Click here to Skip to main content
13,867,908 members
Click here to Skip to main content
Add your own
alternative version

Tagged as


2 bookmarked
Posted 17 Jul 2016
Licenced CPOL

Converting an Image to Grayscale in MatLab

, 17 Jul 2016
Rate this:
Please Sign up or sign in to vote.
Breif tutorial on how to convert an RGB image to grayscale within MatLab


This article is a How To on converting images from RGB to grayscale in MatLab without built-in functions. This will allow you to understand how MatLab works with image layers and know how the underlying RGB to grayscale conversion function works... more importantly, it is always more fun to write functions yourself.


There are many benefits to converting images to grayscale and knowing how to do it. In my opinion, the primary benefit of converting a color image to grayscale is that it takes up considerably less space. If you are new to how images are stored in a computer, let me explain.

An RGB image is essentially three images layered on top of one another; a red scale image, a green scale image, and a blue scale image, with each pixel in them being 8 bits (intensity value ranging 0 - 255). To store a single pixel of an RGB image, you need to store 8 bits for all three colors, so a total of 24 bits per pixel.

When you convert this image to grayscale, you then need to only store a single 8 bit value per pixel for the grayscale value. You go from 24 bits per pixel down to 8 bits per pixel, so your grayscale images will be a mere 33% the size of the originals.

Besides saving you a ton of space, it makes more sense to work with grayscale images in many different situations. Grayscale images are much easier to work with in a variety of image processing applications. Just ask yourself, what would be easier for a computer to operate with, an image containing three layers of color values or an image with a single layer? Pretty clearly, the single layered image. To build on that, it is also easier to distinguish features of an image when only dealing with a single layer. So processes like edge detection, principle component analysis, local binary patterns, and things of that nature are much easier not only for the computer to handle, but for you to code.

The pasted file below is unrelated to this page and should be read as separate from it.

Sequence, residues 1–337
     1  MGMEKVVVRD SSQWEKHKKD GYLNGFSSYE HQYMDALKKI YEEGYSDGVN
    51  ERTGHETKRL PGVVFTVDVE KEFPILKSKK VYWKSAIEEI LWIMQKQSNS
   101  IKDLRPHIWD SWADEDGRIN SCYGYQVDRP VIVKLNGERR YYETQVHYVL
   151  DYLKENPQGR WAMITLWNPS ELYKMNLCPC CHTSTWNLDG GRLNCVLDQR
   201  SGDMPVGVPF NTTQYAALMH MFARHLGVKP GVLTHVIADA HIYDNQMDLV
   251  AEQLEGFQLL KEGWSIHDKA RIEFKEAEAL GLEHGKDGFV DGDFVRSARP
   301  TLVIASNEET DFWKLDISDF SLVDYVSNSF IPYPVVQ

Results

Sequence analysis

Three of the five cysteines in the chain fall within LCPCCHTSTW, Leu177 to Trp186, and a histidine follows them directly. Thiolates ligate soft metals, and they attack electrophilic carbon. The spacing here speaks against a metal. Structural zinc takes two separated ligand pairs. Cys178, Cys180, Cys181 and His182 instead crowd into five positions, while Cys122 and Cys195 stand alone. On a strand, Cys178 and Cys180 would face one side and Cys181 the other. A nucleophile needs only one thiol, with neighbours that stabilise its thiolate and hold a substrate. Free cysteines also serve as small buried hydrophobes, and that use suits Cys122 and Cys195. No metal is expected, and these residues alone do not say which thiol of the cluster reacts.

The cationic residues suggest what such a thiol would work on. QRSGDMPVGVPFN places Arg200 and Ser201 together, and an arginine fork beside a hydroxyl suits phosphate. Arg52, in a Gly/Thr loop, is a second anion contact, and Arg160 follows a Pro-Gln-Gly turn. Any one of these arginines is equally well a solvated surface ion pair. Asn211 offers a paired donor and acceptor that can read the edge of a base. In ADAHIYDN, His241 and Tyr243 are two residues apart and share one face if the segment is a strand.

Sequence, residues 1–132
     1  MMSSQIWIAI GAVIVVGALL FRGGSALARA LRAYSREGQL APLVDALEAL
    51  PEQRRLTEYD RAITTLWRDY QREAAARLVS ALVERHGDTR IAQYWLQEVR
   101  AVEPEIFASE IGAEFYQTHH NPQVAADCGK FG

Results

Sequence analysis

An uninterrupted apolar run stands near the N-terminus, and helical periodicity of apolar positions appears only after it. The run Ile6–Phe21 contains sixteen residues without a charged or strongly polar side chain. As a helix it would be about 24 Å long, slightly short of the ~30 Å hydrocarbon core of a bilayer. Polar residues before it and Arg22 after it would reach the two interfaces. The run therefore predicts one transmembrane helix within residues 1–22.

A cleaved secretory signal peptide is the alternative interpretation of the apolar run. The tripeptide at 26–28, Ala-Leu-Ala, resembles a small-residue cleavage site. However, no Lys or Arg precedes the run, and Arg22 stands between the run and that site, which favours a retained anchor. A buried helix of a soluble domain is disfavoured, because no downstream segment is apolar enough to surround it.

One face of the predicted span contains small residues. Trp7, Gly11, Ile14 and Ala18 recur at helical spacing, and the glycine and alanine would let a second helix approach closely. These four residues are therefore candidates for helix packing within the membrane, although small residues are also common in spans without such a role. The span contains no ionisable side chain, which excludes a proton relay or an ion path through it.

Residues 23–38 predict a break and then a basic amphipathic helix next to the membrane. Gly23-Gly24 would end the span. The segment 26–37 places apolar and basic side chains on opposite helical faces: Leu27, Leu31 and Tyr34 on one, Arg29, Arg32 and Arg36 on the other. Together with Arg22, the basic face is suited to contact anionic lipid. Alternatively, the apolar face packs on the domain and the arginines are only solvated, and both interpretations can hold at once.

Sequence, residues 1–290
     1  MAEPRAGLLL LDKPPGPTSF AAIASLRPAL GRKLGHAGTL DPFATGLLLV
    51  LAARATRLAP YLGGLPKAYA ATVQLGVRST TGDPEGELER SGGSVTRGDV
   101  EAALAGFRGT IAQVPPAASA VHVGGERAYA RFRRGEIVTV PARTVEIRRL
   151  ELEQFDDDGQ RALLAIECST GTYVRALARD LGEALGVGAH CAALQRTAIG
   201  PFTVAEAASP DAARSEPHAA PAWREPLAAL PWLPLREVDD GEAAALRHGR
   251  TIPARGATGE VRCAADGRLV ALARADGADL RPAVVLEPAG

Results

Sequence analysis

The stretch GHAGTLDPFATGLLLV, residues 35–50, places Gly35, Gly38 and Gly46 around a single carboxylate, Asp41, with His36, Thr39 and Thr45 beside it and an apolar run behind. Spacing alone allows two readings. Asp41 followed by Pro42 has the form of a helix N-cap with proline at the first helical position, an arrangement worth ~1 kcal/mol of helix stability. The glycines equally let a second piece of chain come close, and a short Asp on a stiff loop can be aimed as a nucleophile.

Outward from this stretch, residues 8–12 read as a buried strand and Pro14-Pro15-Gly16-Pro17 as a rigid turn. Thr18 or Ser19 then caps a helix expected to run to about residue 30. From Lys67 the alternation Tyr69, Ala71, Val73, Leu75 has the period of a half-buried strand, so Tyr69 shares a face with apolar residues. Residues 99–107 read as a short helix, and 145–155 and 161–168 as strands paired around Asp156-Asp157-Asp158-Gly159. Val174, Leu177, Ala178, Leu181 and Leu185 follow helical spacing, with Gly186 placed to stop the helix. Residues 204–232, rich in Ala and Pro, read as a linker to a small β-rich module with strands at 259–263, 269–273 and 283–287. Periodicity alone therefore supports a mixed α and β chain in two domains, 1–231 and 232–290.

Using the Code

If you have never worked with MatLab before, the syntax may be a bit confusing but worry not, it isn't that difficult. Below, you can see the function for converting an RGB image to grayscale.

function returnedImage = toGrayscale(image)
        i = image;
        R = i(:, :, 1);
        G = i(:, :, 2);
        B = i(:, :, 3);
        newImage = zeros(size(i,1), size(i,2), 'uint8');
        for x=1:size(i,1)
           for y=1:size(i,2)
               newImage(x,y) = (R(x,y)*.3)+(G(x,y)*.6)+(B(x,y)*.1);
        returnedImage = newImage;

The first step is to separate the image into three different 2d matrices of R, G, and B. The syntax of "R = i(:, :, 1);" means that you are creating a new matrix R and setting it equal to all the rows and columns of the first layer in image i (hopefully that makes sense). You then create a new image containing all zeros of the same size as the original.

After that, you simply loop through every pixel in the new image, and set that pixel equal to a sum of the R, G, and B pixels in the same location multiplied by a specified weight. As you can see from mine, R is multiplied by .3, G by .6, and B .1. You then return the image.

Your first thought may be to simply take the average of the all three pixels and set that as the value in the grayscale image, but that turns out to be too dark. The weights are really up to you and you can change them as you see fit. For my applications, I found this weighting scheme to work the best.

To implement, you would code something like below:

myImage = imread('faceplantImage.jpg');

title('Original Image');

grayScaleImage = toGrayscale(myImage);
title('Grayscale Image');

From that, you can see your finished grayscale image compared with your original.

Points of Interest

If you are new to MatLab and interested in learning more, here is a great resource:


This article, along with any associated source code and files, is licensed under The Code Project Open License (CPOL)


About the Author

United States United States
Current graduate student at Southern Methodist University in the Computer Science program (Go Mustangs).
Undergraduate degree in Computer Science with a focus on Biometrics from Davenport University (Go Panthers).

You may also be interested in...

Comments and Discussions

QuestionThank you Pin
Rathnakar Shetty Puthige6-Nov-17 4:30
memberRathnakar Shetty Puthige6-Nov-17 4:30 
QuestionNice Pin
Amarnath S17-Jul-16 18:49
professionalAmarnath S17-Jul-16 18:49 
AnswerRe: Nice Pin
dcmuggins18-Jul-16 3:08
professionaldcmuggins18-Jul-16 3:08 
AnswerRe: Nice Pin
Milliarde21-Jul-16 19:00
professionalMilliarde21-Jul-16 19:00 

General General    News News    Suggestion Suggestion    Question Question    Bug Bug    Answer Answer    Joke Joke    Praise Praise    Rant Rant    Admin Admin   

Use Ctrl+Left/Right to switch messages, Ctrl+Up/Down to switch threads, Ctrl+Shift+Left/Right to switch pages.

Permalink | Advertise | Privacy | Cookies | Terms of Use | Mobile
Web02 | 2.8.190214.1 | Last Updated 17 Jul 2016
Article Copyright 2016 by dcmuggins
Everything else Copyright © CodeProject, 1999-2019
Layout: fixed | fluid